This summer Kia will introduce its first true, unadulterated truck, called the Borrego.
The 2009 Kia Borrego was unveiled at Detroit's North American International Auto Show in January 2008, and it surprised many who attended. Some in the automotive media were expecting a slight variation on the Santa Fe from Hyundai, Kia's parent company. The Kia Borrego is in fact a conventional, mid-sized sport-utility vehicle with Kia's first-ever V8 engine.
The Hyundai Santa Fe has a welded unibody, like the typical sedan, and emphasizes cabin comfort and luxury.
The Borrego is somewhat larger, but more significantly, it applies body-on-frame construction, with a separately assembled body bolted to a ladder-type frame. The emphasis with Borrego is real, truck-style work such as towing.
On a wheelbase of 114 inches, Borrego's weight and dimensions closely match those of truck-based sport-utility vehicles like the Ford Explorer and Nissan Pathfinder.
Borrego features something that's unusual with truck-based SUVs, however. Its coil-spring rear suspension is fully independent (like the Explorer and Pathfinder and most cars), rather than equipped with a solid axle (like the Toyota 4Runner and most other body-on-frame SUVs).
From a distance, the Borrego might be mistaken for a Pathfinder or an Explorer or some other SUV. There is only so much differentiation possible with the conventional two-box SUV design. On closer inspection, however, the Borrego exhibits some unique details. It looks almost graceful, and perhaps lighter, less thick or massive, than a Pathfinder. In some respects the Borrego looks smaller than it actually is. It will be offered with wheels up to 18 inches in diameter.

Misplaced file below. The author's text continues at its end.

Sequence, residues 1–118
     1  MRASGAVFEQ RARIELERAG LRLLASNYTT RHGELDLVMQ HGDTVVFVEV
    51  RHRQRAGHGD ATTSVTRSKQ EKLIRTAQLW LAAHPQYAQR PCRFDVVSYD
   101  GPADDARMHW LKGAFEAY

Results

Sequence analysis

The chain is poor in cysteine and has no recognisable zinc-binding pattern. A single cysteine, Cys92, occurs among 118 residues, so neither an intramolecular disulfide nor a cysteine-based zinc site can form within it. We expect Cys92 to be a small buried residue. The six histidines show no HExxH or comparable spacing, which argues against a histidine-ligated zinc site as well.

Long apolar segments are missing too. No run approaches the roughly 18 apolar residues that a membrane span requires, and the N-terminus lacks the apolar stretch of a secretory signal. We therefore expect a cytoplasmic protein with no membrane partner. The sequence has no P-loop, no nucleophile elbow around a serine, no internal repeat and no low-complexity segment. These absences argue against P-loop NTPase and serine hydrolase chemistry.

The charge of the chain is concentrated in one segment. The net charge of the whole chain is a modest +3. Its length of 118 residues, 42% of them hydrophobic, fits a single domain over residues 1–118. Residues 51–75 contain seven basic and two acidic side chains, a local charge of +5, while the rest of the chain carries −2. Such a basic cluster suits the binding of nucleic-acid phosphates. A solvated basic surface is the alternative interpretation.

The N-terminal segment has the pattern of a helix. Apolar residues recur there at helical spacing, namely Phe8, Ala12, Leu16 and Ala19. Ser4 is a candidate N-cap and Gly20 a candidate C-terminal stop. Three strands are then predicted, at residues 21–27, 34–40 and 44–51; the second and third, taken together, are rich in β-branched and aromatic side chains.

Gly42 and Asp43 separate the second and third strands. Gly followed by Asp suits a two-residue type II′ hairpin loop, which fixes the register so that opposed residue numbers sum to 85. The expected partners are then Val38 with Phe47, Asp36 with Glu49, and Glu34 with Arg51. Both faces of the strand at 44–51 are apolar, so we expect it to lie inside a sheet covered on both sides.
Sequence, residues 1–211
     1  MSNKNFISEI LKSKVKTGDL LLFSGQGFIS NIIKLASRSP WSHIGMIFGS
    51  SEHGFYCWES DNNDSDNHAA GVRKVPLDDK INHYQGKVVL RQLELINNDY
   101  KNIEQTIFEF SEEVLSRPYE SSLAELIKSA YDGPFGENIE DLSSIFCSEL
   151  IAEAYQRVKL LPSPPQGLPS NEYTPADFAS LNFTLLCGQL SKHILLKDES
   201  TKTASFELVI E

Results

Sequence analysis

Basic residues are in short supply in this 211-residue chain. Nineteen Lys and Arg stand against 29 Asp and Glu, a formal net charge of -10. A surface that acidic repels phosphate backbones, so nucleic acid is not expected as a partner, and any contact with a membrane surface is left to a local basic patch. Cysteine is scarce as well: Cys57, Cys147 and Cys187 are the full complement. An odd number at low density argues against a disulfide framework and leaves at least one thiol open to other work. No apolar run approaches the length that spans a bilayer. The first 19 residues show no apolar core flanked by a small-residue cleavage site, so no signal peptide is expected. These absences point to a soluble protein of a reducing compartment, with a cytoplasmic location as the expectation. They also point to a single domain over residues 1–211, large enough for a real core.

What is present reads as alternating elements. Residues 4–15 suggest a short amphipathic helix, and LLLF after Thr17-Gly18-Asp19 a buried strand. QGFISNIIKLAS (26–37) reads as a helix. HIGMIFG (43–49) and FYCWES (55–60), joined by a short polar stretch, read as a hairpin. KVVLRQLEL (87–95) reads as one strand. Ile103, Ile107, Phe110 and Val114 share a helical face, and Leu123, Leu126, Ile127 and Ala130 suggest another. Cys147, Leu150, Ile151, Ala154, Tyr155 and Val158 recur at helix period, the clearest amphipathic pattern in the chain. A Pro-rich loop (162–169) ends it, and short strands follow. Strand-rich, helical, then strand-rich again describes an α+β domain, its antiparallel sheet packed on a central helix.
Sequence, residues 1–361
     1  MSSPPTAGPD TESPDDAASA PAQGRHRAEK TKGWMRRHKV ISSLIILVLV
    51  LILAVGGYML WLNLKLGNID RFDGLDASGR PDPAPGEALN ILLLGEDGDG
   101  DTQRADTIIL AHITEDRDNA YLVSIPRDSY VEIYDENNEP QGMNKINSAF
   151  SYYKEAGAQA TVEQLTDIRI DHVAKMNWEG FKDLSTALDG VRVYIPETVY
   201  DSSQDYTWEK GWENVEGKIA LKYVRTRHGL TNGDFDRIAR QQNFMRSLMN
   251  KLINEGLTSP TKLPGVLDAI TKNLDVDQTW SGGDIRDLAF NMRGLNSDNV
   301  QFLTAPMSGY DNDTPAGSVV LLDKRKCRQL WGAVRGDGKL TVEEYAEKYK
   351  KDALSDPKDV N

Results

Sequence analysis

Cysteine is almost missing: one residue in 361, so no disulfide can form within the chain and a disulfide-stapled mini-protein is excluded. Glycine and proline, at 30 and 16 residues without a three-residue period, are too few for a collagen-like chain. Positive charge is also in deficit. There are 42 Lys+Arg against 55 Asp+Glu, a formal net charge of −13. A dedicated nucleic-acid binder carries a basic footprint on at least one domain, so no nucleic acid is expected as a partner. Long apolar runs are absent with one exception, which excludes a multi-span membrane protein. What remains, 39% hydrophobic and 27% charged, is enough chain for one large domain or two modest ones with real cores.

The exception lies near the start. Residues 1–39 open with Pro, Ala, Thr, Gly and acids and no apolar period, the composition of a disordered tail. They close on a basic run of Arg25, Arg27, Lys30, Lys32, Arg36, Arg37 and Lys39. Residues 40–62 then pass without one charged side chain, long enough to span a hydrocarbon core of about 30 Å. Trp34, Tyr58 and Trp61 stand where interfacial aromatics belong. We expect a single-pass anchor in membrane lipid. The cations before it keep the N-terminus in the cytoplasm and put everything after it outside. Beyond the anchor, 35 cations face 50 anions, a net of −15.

The base Borrego will be powered by a 3.8-liter V6, though Kia hasn't released horsepower or torque ratings. We'd guess something in the range of 275 horsepower. The upgrade is a 4.6-liter V8, and Kia promises at least 300 horsepower from this engine, which will make Borrego the company's most powerful vehicle to date. Both engines are matched to Kia's first six-speed automatic transmission, which should deliver competitive fuel-economy ratings. Kia reports an impressive 7500-pound towing capacity for the V8, and 5000 pounds for the V6.
The 2009 Borrego will be offered with either rear-wheel drive or four-wheel drive, as well as a couple of electronic packages that should make off-road operation easier. Kia's first downhill assist control (DAC) system is designed to keep Borrego moving straight and steady down steep grades without locking its wheels. The hill assist control (HAC) will help control fishtails and backwards slides on steep upgrades.
Kia hasn't offered a good look inside the Borrego, which suggests that the final interior design is still being sorted. But we can tell you that this SUV seats seven, with a sliding second-row seat that adjusts for relative legroom and easier access to the two-passenger third row. Both rear seats fold flat to optimize cargo space.
Safety equipment includes two-stage front airbags, curtain-style head protection airbags for all three rows of seating, electronic stability control and a sophisticated antilock brake system (ABS) with electronic brake distribution (EBD) and brake assist. There is no indication that Borrego is equipped with anti-rollover electronics, which are increasingly common on sport-utilities and other taller vehicles.
And while Borrego is definitely a truck, it won't be short on big-ticket features. It will offer several Kia firsts, including a DVD-based navigation system, power-adjustable pedals and a back-up warning system with rear camera. And it will come standard with lots of stuff, as Kia vehicles typically do, including a 600-watt Infinity stereo with USB audio input jacks, a six-CD changer and Sirius satellite radio hardware.
Expect the first Borregos to reach Kia showrooms by July, 2008. If Kia follows its typical pricing scheme, the Borrego should retail for at least $1,000 less than similarly equipped competitors